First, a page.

johnleemk, I find it hard to even imagine living in a country (say Poland) where my views almost completely line up with one party. I know lots of people like that in the US, mostly liberal academics who agree with the Republicans on absolutely nothing. I wish we had a parliamentary system with something like the German Free Democratic party. But we are stuck with the libertarians. I vote for them, but only in the expectation that they will moderate their views if they got closer to power.

    Your comment also has implications for Joe’s comment. Some may wonder why I discuss tiny countries like Denmark, Iceland, Estonia, Singapore, etc. But these models may matter more than people think. Why did China start to move away from communism? Wasn’t it partly in response to some relatively small but successful ethnic Chinese-economies in their backyard? (Singapore, HK, Taiwan.) Small models can influence large countries.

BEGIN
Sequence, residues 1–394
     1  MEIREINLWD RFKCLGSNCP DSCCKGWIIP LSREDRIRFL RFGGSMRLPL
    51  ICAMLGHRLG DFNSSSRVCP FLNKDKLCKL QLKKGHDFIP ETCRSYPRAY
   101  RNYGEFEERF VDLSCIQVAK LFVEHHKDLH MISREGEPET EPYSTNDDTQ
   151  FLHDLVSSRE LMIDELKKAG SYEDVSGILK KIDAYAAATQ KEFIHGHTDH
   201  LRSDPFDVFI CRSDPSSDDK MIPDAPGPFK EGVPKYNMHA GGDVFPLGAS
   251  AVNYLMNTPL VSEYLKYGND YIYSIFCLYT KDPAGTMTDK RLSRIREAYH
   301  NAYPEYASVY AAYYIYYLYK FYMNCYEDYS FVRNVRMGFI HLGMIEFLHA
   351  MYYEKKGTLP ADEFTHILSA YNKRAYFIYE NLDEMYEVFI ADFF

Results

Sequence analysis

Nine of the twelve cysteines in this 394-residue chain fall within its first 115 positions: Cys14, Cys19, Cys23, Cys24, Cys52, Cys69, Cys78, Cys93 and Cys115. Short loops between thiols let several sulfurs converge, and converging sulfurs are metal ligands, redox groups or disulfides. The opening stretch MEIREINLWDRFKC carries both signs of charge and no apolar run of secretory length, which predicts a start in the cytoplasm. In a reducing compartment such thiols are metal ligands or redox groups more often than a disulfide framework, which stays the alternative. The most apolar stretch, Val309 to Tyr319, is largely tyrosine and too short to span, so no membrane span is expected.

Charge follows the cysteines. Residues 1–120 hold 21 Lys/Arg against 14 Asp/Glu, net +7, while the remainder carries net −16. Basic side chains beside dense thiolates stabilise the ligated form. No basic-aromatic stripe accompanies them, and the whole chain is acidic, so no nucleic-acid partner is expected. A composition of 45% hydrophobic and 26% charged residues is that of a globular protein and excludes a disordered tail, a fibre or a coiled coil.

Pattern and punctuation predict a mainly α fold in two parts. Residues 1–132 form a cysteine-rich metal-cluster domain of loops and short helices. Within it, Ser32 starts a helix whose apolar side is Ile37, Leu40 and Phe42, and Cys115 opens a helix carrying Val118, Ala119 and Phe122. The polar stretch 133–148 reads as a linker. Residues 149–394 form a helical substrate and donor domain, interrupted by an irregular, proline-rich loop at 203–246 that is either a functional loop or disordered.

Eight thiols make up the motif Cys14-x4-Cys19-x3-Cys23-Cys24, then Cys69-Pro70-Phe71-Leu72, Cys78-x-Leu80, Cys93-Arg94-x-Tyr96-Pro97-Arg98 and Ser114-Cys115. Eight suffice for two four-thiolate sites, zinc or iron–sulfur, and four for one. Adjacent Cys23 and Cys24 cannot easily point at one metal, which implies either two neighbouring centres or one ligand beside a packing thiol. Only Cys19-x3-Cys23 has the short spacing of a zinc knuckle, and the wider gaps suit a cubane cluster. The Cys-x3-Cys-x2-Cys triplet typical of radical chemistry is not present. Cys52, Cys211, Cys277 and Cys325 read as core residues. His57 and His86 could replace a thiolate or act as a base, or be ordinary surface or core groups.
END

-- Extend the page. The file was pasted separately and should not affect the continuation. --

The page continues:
You might be interested in Brink Lindsey’s attempt to build bridges between liberals and libertarians. He is a very thoughtful guy, and I believe he coined the term “liberaltarian.”

  7. Gravatar of Kudos to Canada and Clinton « Entitled to an Opinion Kudos to Canada and Clinton « Entitled to an Opinion
    23. May 2009 at 16:29

    […] U.S. The U.S last accomplished such a feat under Clinton. Come back, Bill! I see no evidence for Scott Sumner’s contention that the U.S is headed for less statism over the next decade, though it might be a bit more […]